A look back at the year that was
There were plenty of big stories in 2018. Here we take a look at some of the major news from the first half of the year.
South Metropolitan MLC Aaron Stonehouse called for medicinal cannabis to be made more accessible and legalised within the year, arguing legalising cannabis for recreational use could take the criminal element out of the drug’s supply.
Point Peron was named as a hotspot for metropolitan shark sightings according to figures released by Surf Life Saving WA. The area had the most number of shark sightings during the aerial patrol season.
Phoenix Energy announced preliminary works on Australia’s first waste- to- energy facility in Kwinana would begin.
Despite WA’s improving unemployment rates, Rockingham and Kwinana residents continued to feel the pinch. While WA’s unemployment rate fell to 5.7 per cent, figures showed Rockingham ( 8.7 per cent) and Kwinana ( 12.1 per cent) had much higher rates than the State average.
The Queen’s Baton Relay made its long- awaited journey through Rockingham, with 21 community members getting the chance to carry the Commonwealth Games symbol on its journey to the Gold Coast Commonwealth Games.
A summer thunderstorm that lashed Rockingham was described by residents as being “like something out a movie”. The powerful storm packed wind gusts up to 130km/ h, damaging roofs, downing large trees and causing flash flooding.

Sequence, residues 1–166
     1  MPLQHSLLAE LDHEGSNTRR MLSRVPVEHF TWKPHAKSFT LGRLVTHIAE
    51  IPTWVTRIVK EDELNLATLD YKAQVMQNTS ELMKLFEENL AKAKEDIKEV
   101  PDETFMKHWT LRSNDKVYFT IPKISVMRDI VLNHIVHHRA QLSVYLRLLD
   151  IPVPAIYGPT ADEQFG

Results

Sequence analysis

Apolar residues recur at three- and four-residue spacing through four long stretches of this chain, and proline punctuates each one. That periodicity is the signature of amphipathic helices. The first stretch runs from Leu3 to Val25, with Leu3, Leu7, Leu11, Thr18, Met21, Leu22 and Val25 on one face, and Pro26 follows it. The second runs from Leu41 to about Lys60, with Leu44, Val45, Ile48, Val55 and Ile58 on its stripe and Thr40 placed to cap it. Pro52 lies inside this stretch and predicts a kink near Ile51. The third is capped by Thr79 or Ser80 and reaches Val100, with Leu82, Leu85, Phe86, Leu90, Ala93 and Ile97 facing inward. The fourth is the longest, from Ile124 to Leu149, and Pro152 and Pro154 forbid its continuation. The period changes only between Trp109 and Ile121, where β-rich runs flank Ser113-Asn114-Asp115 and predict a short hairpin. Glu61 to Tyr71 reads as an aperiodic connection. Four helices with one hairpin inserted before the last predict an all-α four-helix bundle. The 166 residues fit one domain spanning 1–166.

The Mangles Bay Marina saga was delivered a knock- out blow by Planning Minister Rita Saffioti when the WA Planning Commission recommended the land required for the proposal not be rezoned, scrapping the marina as a result.
A Shoalwater woman launched a campaign to make Arcadia Drive safer in the wake of a 62- year- old woman’s death after being hit by a car. Katie Hughes saw the horrific crash in which a car mounted the curb and hit the victim, and then started a petition to make the road safer for pedestrians.
The State Government announced it would consider heritage listing Point Peron and the Cape Peron K Battery.
Christopher Pyne announced the formation of the Australian Naval Shipbuilding College, with Australia’s next specialist naval workforce set to be trained in Rockingham and Kwinana.
A report written by Tony Abbott’s former national security adviser stated Rockingham should be home to American nuclear submarines and warships to maintain peace in Asian waters.
Kwinana’s journey to becoming a “lithium valley” continued, as the State Government confirmed Western Australian Lithium was set to build a new refinery in Kwinana.
Shoalwater’s Richard Usher was recognised for his service to the welfare of veterans with an Order of Australia medal. Mr Usher spent 30 years of service with the navy, and a further 18 championing veterans’ welfare.
Both the cities of Rockingham and Kwinana recorded a financial health indicator lower than the State average during the 2016- 17 financial year, according to the MyCouncil website.
Look out for our review of July- December in January 9’ s Sound.
Batonbearer Terry Howson carries the Baton on Penguin Island as the Queen's Baton Relay visited Rockingham.
Secret Harbour's Harry Collins was recognised for his efforts at the Surf Lifesaving WA Coastal Bravery Awards.
Major Lyndon Jackson, Korean War veteran Theo Bushe- Jones and Rockingham RSL vice- president Mark Weldon prepare for Anzac Day in Rockingham.
A tornado wreaked havoc on the Rockingham foreshore.
Richard Usher was awarded an Order of Australia medal.